The Eagle Blog

Make a Difference – It feels GOOD!

OK you just got through another Monday! The weather is still warm, the weekend was fun, you would sooner have been (a) sitting at the cottage, (b) chilling with friends, (c) shopping till you are dropping … anything but in the office!

One of the things that always makes me feel good at work is making a difference. It could be as little as making a difference in someone’s day, or as big as making a difference to your company’s numbers. Here are some suggestions:

1. If you are a salesperson … call all of those clients that you find difficult to call, and set up meetings. The grumpy people, the “snobby” people, the people that treat you badly, the people that you think could be brighter, the people that you love to hate!
2. Find something nice to say to all of the people you come into contact with. I like that tie! You look great! Thanks a bunch! Great work! I can always trust you!
3. Only think positive thoughts when talking to people.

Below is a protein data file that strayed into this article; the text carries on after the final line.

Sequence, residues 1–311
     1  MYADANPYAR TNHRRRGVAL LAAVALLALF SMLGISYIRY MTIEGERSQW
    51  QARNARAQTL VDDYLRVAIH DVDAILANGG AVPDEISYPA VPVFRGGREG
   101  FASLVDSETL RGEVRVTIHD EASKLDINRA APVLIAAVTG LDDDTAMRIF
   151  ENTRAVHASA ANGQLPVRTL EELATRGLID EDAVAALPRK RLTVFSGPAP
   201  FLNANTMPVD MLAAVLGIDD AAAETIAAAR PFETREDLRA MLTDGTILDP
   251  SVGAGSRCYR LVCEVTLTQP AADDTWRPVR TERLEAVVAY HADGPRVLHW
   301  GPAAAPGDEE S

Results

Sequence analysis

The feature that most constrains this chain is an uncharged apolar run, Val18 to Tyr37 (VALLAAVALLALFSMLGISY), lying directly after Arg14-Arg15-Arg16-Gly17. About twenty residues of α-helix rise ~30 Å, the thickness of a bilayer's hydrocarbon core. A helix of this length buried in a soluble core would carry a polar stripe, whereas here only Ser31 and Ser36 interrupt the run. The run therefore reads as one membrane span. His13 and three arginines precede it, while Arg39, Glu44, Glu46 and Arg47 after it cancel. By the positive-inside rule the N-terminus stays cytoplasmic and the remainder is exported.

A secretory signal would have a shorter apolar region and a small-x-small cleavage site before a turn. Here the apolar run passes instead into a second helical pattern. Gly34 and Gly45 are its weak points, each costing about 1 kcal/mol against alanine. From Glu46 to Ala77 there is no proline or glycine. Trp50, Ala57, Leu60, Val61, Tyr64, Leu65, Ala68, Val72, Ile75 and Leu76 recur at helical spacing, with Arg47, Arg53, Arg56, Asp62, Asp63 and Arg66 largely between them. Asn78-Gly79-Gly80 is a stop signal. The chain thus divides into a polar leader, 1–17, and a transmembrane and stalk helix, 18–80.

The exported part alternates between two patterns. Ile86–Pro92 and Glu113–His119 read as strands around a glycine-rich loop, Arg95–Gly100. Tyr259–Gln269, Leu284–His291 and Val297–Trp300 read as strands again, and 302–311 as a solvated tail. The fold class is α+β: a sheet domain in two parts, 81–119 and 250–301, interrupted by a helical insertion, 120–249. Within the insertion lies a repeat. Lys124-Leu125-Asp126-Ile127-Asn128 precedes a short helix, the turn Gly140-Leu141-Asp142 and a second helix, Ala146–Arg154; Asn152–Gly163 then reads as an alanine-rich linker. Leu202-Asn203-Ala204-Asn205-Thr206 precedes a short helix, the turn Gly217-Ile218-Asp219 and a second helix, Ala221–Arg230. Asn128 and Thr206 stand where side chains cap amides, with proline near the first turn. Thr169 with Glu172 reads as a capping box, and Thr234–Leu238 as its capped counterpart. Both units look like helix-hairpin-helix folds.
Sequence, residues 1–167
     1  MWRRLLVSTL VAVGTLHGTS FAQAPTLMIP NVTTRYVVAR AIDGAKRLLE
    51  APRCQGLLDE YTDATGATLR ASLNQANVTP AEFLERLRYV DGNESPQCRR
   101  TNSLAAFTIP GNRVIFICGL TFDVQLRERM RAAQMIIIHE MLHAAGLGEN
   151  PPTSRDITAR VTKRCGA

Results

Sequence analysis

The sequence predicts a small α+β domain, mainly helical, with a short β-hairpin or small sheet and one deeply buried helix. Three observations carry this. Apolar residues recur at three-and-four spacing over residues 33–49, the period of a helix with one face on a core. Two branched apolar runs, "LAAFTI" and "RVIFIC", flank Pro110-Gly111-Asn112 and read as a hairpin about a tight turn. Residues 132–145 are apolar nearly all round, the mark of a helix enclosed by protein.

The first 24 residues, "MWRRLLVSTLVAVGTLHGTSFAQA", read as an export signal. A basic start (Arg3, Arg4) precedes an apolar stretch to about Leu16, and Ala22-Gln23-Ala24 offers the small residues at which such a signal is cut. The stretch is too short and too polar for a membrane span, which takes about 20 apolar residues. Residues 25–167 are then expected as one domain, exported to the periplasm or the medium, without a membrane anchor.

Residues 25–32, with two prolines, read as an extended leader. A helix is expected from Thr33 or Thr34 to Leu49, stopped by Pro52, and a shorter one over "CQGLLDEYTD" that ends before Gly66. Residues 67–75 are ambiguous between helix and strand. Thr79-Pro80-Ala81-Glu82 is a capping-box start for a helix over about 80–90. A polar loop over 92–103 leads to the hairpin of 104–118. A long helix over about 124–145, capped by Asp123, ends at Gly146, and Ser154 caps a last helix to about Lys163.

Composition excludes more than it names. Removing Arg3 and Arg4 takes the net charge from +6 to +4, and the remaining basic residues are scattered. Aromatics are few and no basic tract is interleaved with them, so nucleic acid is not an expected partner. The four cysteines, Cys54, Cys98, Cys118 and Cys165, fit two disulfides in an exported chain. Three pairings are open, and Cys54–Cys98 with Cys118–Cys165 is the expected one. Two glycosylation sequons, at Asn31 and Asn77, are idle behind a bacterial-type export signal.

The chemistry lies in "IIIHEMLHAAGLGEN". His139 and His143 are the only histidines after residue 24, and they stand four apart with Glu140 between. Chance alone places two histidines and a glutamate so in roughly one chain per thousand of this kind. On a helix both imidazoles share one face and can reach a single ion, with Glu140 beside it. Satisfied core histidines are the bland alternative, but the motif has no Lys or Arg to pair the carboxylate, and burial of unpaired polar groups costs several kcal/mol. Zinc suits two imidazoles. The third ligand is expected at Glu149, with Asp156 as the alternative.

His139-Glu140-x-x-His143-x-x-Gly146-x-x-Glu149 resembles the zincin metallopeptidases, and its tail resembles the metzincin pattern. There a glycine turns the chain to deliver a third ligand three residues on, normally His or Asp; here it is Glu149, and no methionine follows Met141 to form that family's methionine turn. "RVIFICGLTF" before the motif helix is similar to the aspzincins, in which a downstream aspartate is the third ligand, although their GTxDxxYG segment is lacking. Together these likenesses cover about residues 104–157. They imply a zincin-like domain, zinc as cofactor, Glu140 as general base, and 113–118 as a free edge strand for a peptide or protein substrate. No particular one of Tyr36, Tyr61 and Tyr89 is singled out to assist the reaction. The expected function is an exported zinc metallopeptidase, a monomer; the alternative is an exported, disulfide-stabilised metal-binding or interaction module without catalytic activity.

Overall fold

4. Buy the coffee.
5. Go for the coffee.
6. Write some hand written cards to people you know … your Mom, spouse, friend, client, colleague, boss … and say something nice.
7. Set yourself a stretch goal and exceed it!

Practice doing positive things until it becomes second nature. Then Mondays will always be less difficult and life will be a lot more fun!


Share on FacebookTweet about this on TwitterShare on LinkedInEmail this to someonePin on PinterestShare on Google+

2 thoughts on “Make a Difference – It feels GOOD!

  1. Regarding Kevin’s first point about difficult customers – If a person is difficult to deal with, you may be assured that you competition will have the same problem. Find a way to work with this client and you may not have to battle your competitors for new business. The difficulty of the client becomes a ‘barrier of entry’ for other companies… some of my best customers were ones that others wouldn’t touch with a ten foot pole! Then again, there is such a thing as bad business, but that’s a story for another time 😉

  2. Regarding Kevin’s first point about difficult customers – If a person is difficult to deal with, you may be assured that you competition will have the same problem. Find a way to work with this client and you may not have to battle your competitors for new business. The difficulty of the client becomes a ‘barrier of entry’ for other companies… some of my best customers were ones that others wouldn’t touch with a ten foot pole! Then again, there is such a thing as bad business, but that’s a story for another time 😉

Leave a Reply

Your email address will not be published.